For young people considering the minor party candidates as alternatives to the major candidates, please consider what happened when Al Gore and G.W. Bush were undermined by Ralph Nader. Because Nader took votes that might otherwise have gone to Al Gore, the election was close enough that a court decision threw the election to Bush — in the recounts later, it was determined that Gore actually had the votes to win, but by then the election had been certified. G.W. Bush and his cabinet participated in some of the more disastrous foreign policies; the world continues to reel and fall apart as the result of events set in motion by his leadership. Our world is slowly dying as a result of his party’s refusal to allow the U.S. to take a leadership role in alternatives to fossil fuels and the rape of landscapes in the pursuit of wealth.

For those who think that this is the year for a protest vote, that their vote doesn’t matter, please look toward Great Britain, where even the sponsors of “Brexit” admitted they didn’t really expect to win; where the long-term consequences of that vote will be affecting the lives of the young people, working people, for decades. They want to have a re-vote. Like people accustomed to video games, where the game can be restarted from a previously saved version and different choices made… But such opportunities, in the real world, do not exist.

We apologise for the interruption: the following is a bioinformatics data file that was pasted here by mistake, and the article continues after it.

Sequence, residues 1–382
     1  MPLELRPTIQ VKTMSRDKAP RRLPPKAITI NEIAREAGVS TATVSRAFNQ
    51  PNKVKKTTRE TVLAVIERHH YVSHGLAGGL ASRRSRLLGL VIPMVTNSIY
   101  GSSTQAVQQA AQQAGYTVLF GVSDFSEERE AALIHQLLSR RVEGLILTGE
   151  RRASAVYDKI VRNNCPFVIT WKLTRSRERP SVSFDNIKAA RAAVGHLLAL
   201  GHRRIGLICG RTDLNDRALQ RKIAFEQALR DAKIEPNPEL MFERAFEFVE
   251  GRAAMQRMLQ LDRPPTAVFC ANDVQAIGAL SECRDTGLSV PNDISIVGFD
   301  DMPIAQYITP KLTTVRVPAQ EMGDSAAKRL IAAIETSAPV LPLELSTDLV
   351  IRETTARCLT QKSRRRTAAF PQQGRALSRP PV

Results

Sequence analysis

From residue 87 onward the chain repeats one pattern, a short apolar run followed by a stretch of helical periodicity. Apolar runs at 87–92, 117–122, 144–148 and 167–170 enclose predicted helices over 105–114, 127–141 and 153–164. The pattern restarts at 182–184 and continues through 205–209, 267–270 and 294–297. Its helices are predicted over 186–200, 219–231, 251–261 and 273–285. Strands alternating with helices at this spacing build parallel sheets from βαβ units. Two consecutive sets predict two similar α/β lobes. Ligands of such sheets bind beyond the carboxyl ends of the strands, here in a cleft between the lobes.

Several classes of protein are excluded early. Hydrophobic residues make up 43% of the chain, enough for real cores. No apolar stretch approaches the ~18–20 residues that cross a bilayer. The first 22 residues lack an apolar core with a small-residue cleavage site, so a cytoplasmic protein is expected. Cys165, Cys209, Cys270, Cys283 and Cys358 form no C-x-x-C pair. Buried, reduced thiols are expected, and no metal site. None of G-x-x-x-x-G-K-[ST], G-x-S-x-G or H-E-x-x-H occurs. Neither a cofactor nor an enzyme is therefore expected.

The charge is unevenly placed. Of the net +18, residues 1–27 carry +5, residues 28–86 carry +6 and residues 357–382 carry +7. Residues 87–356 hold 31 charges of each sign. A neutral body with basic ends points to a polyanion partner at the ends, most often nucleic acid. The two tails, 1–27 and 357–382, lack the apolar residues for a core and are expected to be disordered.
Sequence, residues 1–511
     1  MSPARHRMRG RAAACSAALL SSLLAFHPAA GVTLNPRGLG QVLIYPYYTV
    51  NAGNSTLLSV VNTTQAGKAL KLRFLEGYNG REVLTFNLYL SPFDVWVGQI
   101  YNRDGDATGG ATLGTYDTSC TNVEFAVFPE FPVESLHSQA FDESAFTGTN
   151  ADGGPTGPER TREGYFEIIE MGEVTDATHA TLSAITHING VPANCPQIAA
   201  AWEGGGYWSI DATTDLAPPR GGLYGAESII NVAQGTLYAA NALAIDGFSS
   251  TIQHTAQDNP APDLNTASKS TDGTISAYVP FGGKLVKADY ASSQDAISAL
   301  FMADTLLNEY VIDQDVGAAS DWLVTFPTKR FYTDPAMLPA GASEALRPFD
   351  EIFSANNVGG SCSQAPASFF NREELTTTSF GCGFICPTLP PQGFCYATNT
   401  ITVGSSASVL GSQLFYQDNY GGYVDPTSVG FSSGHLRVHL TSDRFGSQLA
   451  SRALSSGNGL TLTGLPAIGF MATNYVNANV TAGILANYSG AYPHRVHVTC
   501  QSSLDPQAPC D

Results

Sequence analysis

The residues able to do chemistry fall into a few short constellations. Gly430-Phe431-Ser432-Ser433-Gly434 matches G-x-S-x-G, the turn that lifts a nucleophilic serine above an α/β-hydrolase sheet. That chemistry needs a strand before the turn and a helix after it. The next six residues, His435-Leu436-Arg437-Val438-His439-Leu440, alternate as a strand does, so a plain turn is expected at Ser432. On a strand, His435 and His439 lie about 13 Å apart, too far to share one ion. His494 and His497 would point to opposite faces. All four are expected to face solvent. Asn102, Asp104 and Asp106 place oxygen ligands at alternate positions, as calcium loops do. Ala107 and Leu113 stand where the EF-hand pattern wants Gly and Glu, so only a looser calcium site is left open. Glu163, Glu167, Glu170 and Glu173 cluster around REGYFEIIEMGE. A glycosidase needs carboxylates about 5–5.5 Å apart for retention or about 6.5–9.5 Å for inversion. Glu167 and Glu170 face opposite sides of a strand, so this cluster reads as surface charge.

I readily admit to being old — my life is on the downslope already. My bigger concern is for the world my children face, as they enter the world as adults. We have time to correct the course our nation and world are on. We can do this by being thoughtful about the actual experience and policies of the people who are running for office at all levels. There is no vote that is unimportant, there is no race or candidate that doesn’t deserve your thoughtful participation.

Yes, I will vote. I will read the voter’s pamphlets to see what the candidates took the time to write — a thoughtful, coherent articulation of important philosophies and policies, or self-aggrandizement and promotion? Or nothing at all (really — in local and state elections particularly candidates sometimes cannot figure out the deadline… do you want a person who cannot read a calendar in office?). I will look at candidate websites. I will, for races where I am unsure, look for the public record of past votes and actions (if they have held office before), or watch for publications that vetted them. I will consider what people who have worked for and with the candidates say about them.